Fruit For Thought…

Peter O’Toole raised his glass.  “I grow old… I grow old… I shall wear the bottoms of my trousers rolled.  Shall I part my hair behind?  Do I dare to eat a peach? I shall wear white flannel trousers, and walk upon the beach.  I hear the mermaids singing each to each…”  He paused for effect and fixed Sam’s (Pekinpah) eyes with his own.   “I do not think they will sing to me… or thee.”

Quote from Cultural Weekley by Garner Simmons

“Belly Good” by Marge Piercy

A heap of wheat, says the Song of Songs
but I’ve never seen wheat in a pile.
Apples, potatoes, cabbages, carrots
make lumpy stacks, but you are sleek
as a seal hauled out in the winter sun.
I can see you as a great goose egg
or a single juicy and fully ripe peach.
You swell like a natural grassy hill.
You are symmetrical as a Hopewell mound,
with the eye of the navel wide open,
the eye of my apple, the pear’s port
window. You’re not supposed to exist
at all this decade. You’re to be flat
as a kitchen table, so children with
roller skates can speed over you
like those sidewalks of my childhood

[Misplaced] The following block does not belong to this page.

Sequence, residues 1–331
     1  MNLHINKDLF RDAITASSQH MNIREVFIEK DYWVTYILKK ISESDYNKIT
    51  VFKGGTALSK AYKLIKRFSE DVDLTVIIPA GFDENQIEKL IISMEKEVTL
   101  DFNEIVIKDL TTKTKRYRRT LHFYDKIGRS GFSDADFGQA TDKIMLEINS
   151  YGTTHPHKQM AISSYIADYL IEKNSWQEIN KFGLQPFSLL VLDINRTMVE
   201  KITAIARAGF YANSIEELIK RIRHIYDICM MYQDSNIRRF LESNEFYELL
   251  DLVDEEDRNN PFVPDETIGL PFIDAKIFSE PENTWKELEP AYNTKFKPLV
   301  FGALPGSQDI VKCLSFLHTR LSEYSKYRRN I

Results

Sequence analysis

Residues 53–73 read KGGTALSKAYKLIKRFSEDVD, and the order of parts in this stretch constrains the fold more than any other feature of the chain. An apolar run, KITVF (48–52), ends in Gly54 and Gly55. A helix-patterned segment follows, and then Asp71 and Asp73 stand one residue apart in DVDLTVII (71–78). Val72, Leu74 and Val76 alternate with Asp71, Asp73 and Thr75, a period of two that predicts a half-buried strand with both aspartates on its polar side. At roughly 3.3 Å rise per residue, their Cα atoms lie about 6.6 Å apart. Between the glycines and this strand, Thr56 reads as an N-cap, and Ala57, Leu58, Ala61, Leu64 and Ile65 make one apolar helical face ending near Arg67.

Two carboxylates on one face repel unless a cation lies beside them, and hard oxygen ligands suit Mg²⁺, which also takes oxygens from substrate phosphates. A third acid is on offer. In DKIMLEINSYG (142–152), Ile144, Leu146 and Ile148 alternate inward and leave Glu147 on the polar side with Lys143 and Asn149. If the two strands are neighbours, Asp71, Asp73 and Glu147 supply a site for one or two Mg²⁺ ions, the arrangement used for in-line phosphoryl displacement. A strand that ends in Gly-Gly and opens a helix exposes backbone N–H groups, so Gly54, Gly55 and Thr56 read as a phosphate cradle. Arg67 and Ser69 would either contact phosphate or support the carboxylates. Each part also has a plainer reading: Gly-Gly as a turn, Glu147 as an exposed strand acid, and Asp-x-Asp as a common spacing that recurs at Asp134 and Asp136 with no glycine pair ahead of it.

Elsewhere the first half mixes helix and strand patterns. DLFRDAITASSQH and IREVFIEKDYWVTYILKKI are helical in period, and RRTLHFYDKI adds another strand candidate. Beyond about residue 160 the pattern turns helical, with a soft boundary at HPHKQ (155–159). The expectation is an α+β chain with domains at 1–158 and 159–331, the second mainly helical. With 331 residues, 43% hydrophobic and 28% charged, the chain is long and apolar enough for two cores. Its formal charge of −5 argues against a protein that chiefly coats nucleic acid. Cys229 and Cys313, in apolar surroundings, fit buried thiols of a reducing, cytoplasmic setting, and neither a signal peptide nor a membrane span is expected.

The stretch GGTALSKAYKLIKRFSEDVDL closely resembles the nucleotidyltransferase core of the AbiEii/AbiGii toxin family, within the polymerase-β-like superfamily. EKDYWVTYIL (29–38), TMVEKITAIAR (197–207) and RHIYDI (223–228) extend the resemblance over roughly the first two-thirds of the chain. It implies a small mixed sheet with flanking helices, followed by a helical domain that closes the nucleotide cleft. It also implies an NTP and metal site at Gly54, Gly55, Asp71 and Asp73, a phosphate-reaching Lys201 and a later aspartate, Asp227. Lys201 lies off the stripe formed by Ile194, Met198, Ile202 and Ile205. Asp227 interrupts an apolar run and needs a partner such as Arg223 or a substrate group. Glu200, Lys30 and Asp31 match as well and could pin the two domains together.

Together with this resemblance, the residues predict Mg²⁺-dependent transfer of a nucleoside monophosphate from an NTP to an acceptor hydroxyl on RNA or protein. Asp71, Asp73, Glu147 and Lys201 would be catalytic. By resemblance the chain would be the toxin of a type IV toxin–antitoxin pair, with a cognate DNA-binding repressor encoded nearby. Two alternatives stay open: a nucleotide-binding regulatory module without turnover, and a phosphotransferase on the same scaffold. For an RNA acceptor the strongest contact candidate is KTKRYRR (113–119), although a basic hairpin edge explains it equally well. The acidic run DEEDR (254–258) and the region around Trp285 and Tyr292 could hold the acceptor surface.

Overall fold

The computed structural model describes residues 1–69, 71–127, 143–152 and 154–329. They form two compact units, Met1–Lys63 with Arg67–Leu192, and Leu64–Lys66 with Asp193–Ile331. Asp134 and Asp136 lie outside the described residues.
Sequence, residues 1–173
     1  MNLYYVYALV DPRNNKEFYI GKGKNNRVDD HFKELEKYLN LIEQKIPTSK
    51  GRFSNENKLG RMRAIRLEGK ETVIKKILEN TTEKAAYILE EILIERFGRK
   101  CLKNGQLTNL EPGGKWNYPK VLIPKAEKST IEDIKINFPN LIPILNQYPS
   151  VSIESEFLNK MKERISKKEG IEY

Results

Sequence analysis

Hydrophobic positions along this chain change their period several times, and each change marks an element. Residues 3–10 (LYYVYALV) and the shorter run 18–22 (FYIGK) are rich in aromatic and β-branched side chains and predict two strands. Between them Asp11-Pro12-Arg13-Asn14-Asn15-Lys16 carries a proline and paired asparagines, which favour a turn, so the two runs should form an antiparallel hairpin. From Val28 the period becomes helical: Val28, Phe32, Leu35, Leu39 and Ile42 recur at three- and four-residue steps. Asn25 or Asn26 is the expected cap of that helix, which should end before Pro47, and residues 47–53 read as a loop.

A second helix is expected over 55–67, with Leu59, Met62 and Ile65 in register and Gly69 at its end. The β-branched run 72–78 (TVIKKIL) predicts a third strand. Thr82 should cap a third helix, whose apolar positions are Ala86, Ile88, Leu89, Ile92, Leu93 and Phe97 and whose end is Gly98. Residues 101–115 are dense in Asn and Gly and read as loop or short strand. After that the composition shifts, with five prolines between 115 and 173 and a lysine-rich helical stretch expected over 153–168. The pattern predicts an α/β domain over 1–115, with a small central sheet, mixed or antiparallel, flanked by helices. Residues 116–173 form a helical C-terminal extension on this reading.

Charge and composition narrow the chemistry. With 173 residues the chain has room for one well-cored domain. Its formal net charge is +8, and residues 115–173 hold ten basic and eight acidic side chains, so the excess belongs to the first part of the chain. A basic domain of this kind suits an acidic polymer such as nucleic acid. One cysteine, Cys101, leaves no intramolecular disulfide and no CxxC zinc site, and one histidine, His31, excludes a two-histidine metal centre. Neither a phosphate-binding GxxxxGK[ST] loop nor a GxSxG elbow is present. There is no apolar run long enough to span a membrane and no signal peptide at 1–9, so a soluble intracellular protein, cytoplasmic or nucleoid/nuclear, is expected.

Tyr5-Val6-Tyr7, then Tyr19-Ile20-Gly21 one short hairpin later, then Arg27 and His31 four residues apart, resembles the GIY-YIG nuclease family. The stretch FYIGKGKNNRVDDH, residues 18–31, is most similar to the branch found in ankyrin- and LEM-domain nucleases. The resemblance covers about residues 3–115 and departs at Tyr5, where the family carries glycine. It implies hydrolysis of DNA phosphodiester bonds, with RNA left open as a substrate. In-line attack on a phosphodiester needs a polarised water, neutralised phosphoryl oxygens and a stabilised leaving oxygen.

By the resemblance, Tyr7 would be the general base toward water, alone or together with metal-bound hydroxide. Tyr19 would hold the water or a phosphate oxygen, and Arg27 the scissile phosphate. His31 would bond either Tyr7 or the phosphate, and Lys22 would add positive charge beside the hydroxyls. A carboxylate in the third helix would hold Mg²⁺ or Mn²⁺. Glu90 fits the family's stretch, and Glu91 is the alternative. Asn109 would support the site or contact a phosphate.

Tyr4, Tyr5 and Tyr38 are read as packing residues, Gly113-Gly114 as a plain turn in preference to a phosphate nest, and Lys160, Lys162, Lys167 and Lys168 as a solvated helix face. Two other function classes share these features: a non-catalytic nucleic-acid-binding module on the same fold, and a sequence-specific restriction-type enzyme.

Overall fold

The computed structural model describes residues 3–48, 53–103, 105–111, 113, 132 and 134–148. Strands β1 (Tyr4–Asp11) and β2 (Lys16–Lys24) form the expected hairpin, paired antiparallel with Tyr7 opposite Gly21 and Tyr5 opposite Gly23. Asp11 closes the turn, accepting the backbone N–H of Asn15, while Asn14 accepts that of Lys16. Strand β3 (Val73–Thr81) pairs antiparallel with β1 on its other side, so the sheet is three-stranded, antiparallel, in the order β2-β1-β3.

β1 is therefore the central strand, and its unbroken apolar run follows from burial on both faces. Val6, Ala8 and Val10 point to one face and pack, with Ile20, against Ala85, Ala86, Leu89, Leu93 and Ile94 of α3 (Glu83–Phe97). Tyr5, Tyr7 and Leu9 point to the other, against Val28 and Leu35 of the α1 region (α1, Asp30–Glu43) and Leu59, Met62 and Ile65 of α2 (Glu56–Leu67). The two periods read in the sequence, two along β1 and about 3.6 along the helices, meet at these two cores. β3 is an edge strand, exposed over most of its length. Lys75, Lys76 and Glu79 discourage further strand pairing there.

that each gave a different roar under
my wheels. You’re required to show
muscle striations like the ocean
sand at ebb tide, but brick hard.
Clothing is not designed for women
of whose warm and flagrant bodies
you are a swelling part. Yet I confess
I meditate with my hands folded on you,
a maternal cushion radiating comfort.
Even when I have been at my thinnest,
you have never abandoned me but curled
round as a sleeping cat under my skirt.
When I spread out, so do you. You like
to eat, drink and bang on another belly.
In anxiety I clutch you with nervous fingers
as if you were a purse full of calm.
In my grandmother standing in the fierce sun
I see your cauldron that held eleven children
shaped under the tent of her summer dress.
I see you in my mother at thirty
in her flapper gear, skinny legs
and then you knocking on the tight dress.
We hand you down like a prize feather quilt.
You are our female shame and sunburst strength.

Marge Piercy

“James And The Giant Peach” by Roald Dahl

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“But then he feels it. Something is going to happen. Aunt Spiker spots it first: a peach growing high in their single peach tree. Growing and growing till it’s as big as fat Aunt Sponge, and then as big as their house! All greedy Sponge and Spiker can think is that the remarkable peach will make them rich. But James knows. ‘Something else, something stranger than ever this time, is about to happen to me again soon.”

– Roald Dahl